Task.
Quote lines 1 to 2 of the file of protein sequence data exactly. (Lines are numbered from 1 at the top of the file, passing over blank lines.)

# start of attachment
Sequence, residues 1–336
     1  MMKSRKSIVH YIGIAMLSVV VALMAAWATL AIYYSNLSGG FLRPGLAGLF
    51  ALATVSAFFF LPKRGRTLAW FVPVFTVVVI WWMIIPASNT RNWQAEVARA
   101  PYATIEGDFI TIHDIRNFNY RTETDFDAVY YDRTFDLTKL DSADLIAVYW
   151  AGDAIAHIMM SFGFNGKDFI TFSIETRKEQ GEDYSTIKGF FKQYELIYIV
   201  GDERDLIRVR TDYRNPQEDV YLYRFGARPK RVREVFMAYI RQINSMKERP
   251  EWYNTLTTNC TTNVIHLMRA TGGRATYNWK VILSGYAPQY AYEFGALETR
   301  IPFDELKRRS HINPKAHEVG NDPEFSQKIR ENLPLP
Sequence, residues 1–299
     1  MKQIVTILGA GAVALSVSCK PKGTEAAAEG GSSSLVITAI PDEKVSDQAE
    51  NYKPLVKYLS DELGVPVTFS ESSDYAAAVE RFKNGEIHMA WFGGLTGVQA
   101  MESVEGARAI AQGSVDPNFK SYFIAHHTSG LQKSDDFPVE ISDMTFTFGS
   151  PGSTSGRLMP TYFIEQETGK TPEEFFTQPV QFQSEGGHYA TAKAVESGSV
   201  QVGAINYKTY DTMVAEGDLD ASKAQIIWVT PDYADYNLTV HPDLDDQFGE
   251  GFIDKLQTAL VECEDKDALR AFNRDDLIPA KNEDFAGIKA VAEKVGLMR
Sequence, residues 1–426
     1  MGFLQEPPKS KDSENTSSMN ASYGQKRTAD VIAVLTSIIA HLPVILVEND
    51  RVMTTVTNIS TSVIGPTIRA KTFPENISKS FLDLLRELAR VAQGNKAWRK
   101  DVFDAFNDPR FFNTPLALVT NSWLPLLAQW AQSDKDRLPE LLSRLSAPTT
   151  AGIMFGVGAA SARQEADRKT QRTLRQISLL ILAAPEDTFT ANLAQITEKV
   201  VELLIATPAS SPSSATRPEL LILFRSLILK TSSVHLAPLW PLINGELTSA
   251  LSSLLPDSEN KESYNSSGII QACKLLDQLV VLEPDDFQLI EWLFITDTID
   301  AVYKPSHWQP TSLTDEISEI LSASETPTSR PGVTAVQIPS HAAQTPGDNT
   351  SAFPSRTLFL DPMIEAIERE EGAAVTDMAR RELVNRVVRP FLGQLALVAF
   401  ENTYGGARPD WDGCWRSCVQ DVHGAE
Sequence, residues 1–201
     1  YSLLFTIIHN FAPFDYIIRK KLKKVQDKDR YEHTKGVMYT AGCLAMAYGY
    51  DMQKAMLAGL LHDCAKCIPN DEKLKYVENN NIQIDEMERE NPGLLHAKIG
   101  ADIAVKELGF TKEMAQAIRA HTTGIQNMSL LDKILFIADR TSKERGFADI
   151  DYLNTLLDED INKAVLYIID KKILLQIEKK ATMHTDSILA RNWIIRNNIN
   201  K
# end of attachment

Sequence, residues 1–336
     1  MMKSRKSIVH YIGIAMLSVV VALMAAWATL AIYYSNLSGG FLRPGLAGLF